Attending a GP appointment

If you are worried about your mental health, making an appointment to see your GP is a good place to start.

Going to see your GP (general practitioner or family doctor) can be a huge step towards recovery, but can also be a very difficult process. For many people it can be frightening or worrying – admitting there is an issue and dealing with the fear of being judged or misunderstood.

Sometimes people are not sure exactly how their doctor can help or they may be resistant to going to the doctor because they may feel concerned about being given medications; or they may feel that counselling or talking therapies are pointless and won’t help.

Speaking to the GP can help to access treatment – and can help make the doctor aware of how things are just now in case the situation gets worse over time.

You can:

  • Ask for a double appointment to allow more time to talk
  • Write a list of things you want to discuss
  • Practice what you will say to the doctor on your own or with someone else
  • Keep a diary of how you’re feeling day to day, noting any significant situations or relationships that are contributing to how you are feeling
  • Ask someone else to attend the appointment with you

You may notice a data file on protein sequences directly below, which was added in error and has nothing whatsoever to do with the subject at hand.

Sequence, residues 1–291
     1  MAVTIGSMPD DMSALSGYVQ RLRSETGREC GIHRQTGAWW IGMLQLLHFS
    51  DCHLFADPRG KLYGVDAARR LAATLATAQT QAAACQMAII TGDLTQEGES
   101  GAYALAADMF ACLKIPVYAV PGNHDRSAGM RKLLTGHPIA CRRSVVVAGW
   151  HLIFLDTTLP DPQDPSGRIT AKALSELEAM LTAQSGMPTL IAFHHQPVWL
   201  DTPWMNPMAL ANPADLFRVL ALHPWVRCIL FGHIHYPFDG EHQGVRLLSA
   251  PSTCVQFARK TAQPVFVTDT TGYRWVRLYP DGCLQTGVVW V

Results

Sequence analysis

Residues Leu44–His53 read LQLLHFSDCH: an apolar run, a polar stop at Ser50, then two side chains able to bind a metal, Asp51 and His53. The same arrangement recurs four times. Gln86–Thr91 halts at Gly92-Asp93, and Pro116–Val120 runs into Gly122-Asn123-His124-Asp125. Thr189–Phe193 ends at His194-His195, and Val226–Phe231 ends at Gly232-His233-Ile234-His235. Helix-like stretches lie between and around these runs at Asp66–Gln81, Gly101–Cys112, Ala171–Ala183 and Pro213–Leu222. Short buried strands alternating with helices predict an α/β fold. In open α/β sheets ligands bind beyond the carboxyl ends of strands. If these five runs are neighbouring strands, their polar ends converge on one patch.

More than GP support

You or a loved one might be in need of more than GP support. Some support is only available through referral to your Community Mental Health Team. 

The Community Mental Health Team is a team of mental health professionals who work to support people in the community who are struggling with their mental health and need extra support.

On referral to the team, the person’s needs will be assessed and they will be provided with a key worker who will be their main point of contact. This is usually a Community Psychiatric Nurse. If you or a family member or friend is really struggling with day to day life then you could ask them to speak to their GP about a potential referral.

It can take pressure off your shoulders if you know that your family member or friend is getting support from a mental health professional who is discussing relevant support services with them. As with preparing for an initial GP appointment, preparation and support can help here.